The Taynuilt Hotel stands beside the A85 in the heart of the scattered village of Taynuilt, which itself lies near the southern shore of Loch Etive some 12 miles inland from Oban. It's a hotel we had driven past many, many times and we were therefore very keen to take up the invitation to go and see what it had to offer. All the more so as it has fairly recently been taken over by a new team comprising chef-patron John McNulty and general manager David Lapsley, with the result that the hotel has been given the care, enthusiasm and investment it had always seemed to be crying out for.
What we found was a revelation. A superb historic coaching inn is at last living up to its potential and now offers comfortable and stylish accommodation, amazing food, and friendly and very effective service. You can read our dining review for the Taynuilt Hotel here.
The origins of the inn date back to the 1700s, and Dorothy Wordsworth was enthusiastic about the welcome she received here when she visited with her brother William, the poet, during their tour of Scotland in 1803. Some of the comments she made over two centuries ago have a remarkable resonance today: "...it rejoiced me to see kind looks on the landlady's face, and that she was willing to put herself in a bustle for our comfort." Some aspects of hospitality are timeless and the Taynuilt Hotel has been a feature in the lives of many generations of travellers across Argyll. It is good to see it fulfilling that role so ably once again.
There is ample parking to the rear of the building. You enter the hotel through the main door under the impressive columned porch, beyond which is the reception area. Off to one side is a room which doubles as the breakfast room in the mornings and the guest lounge throughout the day. There are few more relaxing ways of whiling away an hour or two in an afternoon than occupying one of the large leather sofas at the front of the room, and watching the world go by while enjoying your choice from the hotel's excellent selection of wines and beers. Moving the other way, west, from the reception, brings you to the hotel's dining room, which is divided by a change in level from the extremely attractive and superbly stocked lounge bar. Beyond the lounge bar is the hotel's public bar, which offers a nice contrast in look and feel.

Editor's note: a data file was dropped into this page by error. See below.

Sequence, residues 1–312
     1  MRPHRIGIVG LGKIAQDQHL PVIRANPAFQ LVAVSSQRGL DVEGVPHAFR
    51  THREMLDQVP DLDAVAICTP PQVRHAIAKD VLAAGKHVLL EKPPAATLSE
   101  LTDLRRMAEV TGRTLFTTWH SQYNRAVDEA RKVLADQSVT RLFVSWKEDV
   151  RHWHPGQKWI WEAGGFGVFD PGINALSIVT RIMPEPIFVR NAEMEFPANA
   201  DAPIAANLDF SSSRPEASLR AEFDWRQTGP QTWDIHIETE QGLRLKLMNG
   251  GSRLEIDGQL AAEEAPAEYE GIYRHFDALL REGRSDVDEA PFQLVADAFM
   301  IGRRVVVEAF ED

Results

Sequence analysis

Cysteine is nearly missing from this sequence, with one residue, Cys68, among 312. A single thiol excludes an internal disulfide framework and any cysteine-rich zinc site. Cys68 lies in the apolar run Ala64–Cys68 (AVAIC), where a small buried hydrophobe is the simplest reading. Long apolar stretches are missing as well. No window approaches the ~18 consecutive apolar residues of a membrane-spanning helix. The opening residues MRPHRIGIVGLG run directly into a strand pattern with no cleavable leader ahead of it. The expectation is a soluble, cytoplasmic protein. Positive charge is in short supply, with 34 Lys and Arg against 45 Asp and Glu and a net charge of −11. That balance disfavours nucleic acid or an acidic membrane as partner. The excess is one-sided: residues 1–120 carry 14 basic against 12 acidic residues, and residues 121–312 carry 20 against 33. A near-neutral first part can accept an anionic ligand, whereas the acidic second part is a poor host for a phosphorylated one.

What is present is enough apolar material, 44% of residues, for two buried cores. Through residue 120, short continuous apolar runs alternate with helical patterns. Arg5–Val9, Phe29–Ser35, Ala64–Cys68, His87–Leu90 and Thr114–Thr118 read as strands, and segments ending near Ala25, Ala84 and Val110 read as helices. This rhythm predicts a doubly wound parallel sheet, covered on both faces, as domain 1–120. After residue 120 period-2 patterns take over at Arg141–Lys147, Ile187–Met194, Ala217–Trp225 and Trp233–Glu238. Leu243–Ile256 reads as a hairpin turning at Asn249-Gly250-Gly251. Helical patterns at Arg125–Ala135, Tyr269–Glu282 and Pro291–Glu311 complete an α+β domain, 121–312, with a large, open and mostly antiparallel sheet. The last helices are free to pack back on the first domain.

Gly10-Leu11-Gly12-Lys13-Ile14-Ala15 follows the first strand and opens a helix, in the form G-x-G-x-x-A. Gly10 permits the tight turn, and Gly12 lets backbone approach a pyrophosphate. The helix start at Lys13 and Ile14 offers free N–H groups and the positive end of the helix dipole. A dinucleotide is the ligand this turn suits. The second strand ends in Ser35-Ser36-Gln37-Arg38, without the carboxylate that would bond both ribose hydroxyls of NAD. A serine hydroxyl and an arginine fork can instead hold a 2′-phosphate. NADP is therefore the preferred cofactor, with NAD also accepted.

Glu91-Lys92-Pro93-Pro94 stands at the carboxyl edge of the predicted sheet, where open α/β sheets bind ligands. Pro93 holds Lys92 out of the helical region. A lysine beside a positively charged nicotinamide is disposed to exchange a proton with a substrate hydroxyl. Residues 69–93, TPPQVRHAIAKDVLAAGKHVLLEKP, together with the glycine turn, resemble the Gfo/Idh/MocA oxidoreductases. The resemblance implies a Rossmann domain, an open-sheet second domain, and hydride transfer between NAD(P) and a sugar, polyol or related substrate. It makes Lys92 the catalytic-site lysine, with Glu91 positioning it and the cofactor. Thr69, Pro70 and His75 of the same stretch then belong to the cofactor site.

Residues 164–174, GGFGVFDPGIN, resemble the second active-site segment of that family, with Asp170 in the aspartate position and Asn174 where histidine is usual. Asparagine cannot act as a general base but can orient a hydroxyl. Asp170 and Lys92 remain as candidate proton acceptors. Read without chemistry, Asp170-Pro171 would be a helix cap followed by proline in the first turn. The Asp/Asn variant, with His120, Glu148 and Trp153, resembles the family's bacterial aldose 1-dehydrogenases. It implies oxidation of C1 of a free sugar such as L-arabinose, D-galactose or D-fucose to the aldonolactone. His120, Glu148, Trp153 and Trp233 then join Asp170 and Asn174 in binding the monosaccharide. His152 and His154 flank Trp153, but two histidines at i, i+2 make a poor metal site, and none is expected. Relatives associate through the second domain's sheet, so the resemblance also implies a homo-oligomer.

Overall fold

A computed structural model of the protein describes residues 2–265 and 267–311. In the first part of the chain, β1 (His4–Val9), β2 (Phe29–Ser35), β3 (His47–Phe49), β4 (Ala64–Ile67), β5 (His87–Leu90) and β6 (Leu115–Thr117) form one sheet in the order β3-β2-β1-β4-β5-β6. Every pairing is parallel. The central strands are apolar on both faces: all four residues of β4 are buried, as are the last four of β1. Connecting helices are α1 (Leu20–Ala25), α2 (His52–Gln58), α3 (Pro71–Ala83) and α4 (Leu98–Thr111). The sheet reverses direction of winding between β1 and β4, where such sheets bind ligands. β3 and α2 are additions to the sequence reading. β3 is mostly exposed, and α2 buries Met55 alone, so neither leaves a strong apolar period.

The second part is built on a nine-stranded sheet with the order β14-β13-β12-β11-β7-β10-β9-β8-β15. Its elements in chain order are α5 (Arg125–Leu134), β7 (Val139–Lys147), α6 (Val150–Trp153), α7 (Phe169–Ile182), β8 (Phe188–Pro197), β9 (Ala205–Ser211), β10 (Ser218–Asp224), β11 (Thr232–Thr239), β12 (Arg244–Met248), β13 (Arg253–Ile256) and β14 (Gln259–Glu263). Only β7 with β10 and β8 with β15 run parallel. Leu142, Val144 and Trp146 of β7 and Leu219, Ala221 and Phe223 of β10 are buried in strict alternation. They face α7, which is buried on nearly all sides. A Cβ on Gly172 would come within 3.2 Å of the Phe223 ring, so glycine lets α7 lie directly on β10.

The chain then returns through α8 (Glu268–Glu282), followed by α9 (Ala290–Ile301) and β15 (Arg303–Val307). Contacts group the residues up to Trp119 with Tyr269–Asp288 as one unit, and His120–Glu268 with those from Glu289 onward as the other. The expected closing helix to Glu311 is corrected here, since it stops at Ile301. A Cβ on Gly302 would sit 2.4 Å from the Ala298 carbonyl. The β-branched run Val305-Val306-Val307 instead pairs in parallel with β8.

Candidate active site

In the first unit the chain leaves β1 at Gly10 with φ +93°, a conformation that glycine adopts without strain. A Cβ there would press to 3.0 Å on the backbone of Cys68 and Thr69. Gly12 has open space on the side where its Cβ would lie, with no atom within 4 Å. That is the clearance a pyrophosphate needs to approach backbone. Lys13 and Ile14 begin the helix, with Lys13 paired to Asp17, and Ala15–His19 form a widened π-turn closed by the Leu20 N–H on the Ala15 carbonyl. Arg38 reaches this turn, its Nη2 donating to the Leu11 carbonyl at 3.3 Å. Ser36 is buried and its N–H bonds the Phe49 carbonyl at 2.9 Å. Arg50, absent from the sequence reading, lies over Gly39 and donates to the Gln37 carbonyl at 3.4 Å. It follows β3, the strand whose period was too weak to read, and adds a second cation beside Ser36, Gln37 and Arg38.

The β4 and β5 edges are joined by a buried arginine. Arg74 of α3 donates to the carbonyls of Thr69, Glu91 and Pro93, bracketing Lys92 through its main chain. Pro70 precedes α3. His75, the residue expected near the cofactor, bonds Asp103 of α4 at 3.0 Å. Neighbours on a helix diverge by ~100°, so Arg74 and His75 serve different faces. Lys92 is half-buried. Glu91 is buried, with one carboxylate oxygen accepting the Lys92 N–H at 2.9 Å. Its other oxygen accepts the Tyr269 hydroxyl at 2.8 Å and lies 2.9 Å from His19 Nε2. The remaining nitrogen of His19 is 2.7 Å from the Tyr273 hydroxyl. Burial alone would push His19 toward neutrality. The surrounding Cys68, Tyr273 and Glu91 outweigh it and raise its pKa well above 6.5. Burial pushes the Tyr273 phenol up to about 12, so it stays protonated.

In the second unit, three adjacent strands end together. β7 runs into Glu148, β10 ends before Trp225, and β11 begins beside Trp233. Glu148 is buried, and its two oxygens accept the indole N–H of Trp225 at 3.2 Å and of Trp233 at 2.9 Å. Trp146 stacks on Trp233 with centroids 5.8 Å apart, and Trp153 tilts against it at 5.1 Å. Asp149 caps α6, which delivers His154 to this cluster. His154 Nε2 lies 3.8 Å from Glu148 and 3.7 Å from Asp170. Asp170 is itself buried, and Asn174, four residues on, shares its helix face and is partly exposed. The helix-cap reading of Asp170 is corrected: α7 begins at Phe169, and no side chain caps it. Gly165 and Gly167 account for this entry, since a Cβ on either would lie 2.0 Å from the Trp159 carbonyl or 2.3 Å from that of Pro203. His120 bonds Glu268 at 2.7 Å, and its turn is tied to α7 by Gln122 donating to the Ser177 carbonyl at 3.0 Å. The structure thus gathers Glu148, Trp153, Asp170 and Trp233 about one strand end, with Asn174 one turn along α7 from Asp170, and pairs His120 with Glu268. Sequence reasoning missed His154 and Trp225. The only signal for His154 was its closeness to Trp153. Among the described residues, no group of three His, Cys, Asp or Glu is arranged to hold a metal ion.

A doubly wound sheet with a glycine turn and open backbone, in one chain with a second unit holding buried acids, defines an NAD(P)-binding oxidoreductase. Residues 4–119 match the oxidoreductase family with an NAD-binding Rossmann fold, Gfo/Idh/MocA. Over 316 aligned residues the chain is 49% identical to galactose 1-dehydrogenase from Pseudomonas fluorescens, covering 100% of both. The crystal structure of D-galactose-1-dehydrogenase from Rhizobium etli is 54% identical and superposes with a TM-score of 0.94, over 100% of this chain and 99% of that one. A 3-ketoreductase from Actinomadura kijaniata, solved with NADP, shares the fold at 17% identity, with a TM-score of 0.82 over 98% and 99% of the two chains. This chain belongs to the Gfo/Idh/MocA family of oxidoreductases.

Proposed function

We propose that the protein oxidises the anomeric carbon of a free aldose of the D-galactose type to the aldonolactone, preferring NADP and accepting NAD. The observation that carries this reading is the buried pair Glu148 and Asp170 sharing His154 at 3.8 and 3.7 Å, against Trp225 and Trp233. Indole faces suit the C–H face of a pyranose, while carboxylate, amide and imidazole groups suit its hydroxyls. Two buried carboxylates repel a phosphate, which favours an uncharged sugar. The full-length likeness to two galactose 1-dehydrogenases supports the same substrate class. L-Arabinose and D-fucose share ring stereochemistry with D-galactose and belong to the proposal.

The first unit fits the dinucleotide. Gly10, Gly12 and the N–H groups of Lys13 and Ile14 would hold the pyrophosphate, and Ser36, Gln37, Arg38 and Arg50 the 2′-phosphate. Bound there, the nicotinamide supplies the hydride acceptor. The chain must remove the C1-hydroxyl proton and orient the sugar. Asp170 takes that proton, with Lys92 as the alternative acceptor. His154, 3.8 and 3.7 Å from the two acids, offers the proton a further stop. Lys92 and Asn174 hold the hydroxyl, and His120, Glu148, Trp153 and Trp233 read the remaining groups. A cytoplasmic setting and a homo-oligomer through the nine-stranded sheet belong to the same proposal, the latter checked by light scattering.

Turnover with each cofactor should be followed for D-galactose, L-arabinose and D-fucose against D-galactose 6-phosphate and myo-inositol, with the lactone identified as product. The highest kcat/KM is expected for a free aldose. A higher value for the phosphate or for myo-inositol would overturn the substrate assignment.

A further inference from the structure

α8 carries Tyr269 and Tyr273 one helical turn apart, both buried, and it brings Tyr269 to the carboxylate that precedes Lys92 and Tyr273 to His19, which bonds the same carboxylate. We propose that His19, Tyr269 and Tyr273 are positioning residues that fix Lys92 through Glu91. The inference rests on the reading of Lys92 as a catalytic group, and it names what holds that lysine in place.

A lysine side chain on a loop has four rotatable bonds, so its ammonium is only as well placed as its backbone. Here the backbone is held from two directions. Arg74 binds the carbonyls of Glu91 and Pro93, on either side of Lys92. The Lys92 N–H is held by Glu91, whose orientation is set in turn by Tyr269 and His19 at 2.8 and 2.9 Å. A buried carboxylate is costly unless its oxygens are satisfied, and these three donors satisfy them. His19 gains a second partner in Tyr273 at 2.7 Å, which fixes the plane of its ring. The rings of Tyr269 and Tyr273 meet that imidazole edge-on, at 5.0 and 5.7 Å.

The hotel has 10 letting rooms. They are divided across the first and second floors of the hotel, and the majority look out to the front. We found the main road past the front of the Taynuilt Hotel to be much quieter than we had expected, and it certainly didn't intrude in the guests' lounge or dining room. A rolling program of renovation is under way across the rooms, and the result is comfortable accommodation furnished in an antique style that is very much in keeping with the character of the hotel. Guest rooms are doubles or twins, and one has a four-poster bed. All are named after Scottish Lochs, and include Loch Ness, Loch Creran, Loch Awe and Loch Fyne. There are photographs of all the bedrooms on the hotel's website, see the link on the right. An inevitable consequence of an old building is that the rooms tend to be very individual in character, and we suspect that this will in time lead to guests evolving favorites.
The guest lounge/breakfast room can be transformed for use as a function room, which can seat up to 60 and has a dance floor. At the other end of the building, the public bar offers live music throughout the year. The constraints of the building have meant that disabled access is problematic.
The Taynuilt Hotel is one of those all-too-rare places where it is easy just to put your feet up and relax. Informal in style and laid-back in approach, the choice of different areas means it is easy to find somewhere to suit your mood. We've already mentioned the quality of the service, but everything from the greeting on arrival to the food service and the high standards of the housekeeping appeared to us to be outstanding. At the end of the day, the real measure of a hotel is this: would we recommend it to friends, and would we return ourselves? The answer to both parts of that question is an unqualified "yes". You can read our dining review for the Taynuilt Hotel here.